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Australian Open starts troubled tour

Champion Peter Lonard begins his quest for a third successive Australian Open title on Thursday amid concerns of the future of the Australasian tour.

The tour has been unable to attract high-profile overseas players in recent years due to the lucrative and burgeoning Asian tour and extension of the PGA Tour and has shrunk to just six sanctioned tournaments.

Such is the concern, the Australasian PGA Tour held a meeting with several top players on Wednesday to discuss potential solutions.

While the Tour has failed to attract top international players, world number eight Adam Scott and Aaron Baddeley, who won back-to-back Australian Opens in 1999 and 2000, will play the first two rounds on the par-72 Peter Thomson-designed 6,829m course at Moonah Links together.

Both said they were concerned for the Tour's future.

"When you are away, you are a little nervous when you hear that the national championship could not get a title sponsor," Baddeley said on Tuesday in reference to the tournament acquiring a title sponsor only last month.

"It is weird because there are so many great players coming out of Australia. Then the tour is not doing that well. It's frustrating."

Scott, however, said the Australasian circuit was "hardly a tour".

"We have to figure out what we can do, whether it is co-sanctioning or trying to build other events, get back the events we have lost," the 25-year-old said.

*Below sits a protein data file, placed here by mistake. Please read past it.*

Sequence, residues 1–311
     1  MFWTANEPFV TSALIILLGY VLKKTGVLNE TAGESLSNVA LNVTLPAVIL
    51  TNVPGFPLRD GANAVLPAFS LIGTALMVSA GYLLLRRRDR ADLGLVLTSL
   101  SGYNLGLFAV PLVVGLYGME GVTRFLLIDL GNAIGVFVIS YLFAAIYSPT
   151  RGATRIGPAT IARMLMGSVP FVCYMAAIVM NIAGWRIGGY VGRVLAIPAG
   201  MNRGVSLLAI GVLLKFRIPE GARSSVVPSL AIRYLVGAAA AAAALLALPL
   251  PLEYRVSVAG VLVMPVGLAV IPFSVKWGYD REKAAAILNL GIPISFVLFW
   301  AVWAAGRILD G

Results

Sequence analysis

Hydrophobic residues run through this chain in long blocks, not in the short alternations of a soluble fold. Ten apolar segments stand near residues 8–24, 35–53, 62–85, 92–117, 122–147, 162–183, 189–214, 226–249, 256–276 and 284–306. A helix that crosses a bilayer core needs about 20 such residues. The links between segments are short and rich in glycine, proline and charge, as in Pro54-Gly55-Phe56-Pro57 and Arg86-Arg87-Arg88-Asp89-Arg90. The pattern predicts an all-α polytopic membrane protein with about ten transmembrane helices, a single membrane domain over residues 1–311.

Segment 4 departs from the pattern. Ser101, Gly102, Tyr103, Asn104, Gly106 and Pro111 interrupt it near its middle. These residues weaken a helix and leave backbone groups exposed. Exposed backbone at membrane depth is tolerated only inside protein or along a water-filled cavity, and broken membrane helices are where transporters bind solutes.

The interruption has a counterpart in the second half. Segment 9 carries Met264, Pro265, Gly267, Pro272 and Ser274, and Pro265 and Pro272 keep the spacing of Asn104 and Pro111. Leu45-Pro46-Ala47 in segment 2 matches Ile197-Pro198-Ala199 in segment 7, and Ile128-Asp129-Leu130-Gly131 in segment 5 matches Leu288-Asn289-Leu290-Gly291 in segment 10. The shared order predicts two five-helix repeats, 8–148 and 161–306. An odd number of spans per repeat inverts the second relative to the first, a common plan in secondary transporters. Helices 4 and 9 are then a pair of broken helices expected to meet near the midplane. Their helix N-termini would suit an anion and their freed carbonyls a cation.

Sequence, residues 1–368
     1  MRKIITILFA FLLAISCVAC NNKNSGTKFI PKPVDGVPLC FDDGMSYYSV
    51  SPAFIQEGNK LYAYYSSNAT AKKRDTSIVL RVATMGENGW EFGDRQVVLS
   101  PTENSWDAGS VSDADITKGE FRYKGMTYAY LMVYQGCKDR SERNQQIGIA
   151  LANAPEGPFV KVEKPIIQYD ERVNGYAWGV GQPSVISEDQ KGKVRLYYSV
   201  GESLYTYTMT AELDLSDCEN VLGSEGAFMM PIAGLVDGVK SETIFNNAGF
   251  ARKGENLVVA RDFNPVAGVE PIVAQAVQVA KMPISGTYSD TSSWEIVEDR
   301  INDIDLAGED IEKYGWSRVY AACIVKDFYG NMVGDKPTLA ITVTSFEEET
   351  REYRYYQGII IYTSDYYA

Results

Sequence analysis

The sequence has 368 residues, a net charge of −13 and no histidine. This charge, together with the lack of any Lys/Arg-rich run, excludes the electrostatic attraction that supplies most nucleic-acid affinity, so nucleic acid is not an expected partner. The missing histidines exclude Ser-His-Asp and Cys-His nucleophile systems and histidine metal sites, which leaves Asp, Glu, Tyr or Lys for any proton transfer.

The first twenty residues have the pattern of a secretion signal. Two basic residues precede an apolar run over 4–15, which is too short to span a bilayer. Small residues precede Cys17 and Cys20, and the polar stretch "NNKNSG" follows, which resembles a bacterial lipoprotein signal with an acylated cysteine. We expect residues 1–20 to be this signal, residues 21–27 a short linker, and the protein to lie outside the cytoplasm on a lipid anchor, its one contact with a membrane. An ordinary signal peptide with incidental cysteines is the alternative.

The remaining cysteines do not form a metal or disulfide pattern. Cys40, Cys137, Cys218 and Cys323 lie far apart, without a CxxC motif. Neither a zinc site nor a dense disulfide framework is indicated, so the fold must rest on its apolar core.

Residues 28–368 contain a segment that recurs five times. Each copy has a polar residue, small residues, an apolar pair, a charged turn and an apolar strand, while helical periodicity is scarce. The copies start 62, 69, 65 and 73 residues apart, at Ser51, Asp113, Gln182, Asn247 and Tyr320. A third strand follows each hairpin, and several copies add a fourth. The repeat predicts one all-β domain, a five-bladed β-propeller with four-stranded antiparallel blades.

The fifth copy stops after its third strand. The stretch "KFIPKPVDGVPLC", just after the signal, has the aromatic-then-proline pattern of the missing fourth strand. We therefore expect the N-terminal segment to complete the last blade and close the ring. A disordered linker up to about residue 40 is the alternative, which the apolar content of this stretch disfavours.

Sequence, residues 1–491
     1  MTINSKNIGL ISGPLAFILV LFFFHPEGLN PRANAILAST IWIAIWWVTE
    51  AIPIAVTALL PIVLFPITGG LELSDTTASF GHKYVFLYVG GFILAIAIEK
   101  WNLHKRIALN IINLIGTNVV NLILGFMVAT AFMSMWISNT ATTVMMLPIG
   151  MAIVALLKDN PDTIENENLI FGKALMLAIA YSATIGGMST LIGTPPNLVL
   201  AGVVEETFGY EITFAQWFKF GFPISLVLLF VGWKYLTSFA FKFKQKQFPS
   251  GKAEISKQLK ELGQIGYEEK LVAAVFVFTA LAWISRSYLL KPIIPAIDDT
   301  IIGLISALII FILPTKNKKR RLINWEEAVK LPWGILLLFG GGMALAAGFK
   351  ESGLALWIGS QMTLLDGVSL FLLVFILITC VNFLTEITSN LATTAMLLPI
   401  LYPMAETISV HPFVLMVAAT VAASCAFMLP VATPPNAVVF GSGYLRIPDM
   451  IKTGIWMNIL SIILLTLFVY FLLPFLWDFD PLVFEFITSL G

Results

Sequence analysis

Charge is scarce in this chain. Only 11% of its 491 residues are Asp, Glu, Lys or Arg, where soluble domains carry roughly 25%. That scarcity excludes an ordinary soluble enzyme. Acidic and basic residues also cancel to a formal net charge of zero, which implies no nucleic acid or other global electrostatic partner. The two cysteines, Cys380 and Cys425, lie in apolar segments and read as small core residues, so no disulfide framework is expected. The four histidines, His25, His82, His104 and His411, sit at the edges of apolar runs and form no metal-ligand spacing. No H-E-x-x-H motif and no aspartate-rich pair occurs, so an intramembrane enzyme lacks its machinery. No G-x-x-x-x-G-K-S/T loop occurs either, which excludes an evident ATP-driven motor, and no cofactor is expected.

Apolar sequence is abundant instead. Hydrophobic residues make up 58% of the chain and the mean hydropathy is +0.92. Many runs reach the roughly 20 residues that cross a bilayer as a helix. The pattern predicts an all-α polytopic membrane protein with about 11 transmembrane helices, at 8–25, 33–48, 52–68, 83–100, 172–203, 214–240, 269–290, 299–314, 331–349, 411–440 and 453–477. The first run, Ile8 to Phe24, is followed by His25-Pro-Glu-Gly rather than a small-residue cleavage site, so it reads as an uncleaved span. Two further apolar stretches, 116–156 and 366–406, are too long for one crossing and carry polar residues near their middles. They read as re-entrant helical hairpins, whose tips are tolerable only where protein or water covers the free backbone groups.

"I really don't know what the answer is."

Lonard, however, said he was just as committed to the tournament and Tour as ever.

"It doesn't weigh on me that it's another Australian Open," Lonard told reporters on Wednesday. "I don't know how many I've played in my career, probably 10 or 15 Australian Opens, so it's just the same as any other tournament, within reason.

"You know, obviously three in a row would be very nice as it doesn't happen often but we'll just have to see what happens.

"All the Australian tournaments rank highly in my schedule. I think since I started playing golf again in '97 or '96, I don't think I've missed any except when I had a broken rib.

"I think just the fact that I've played them all suggests that they're high in my calendar."

November 24, 2005

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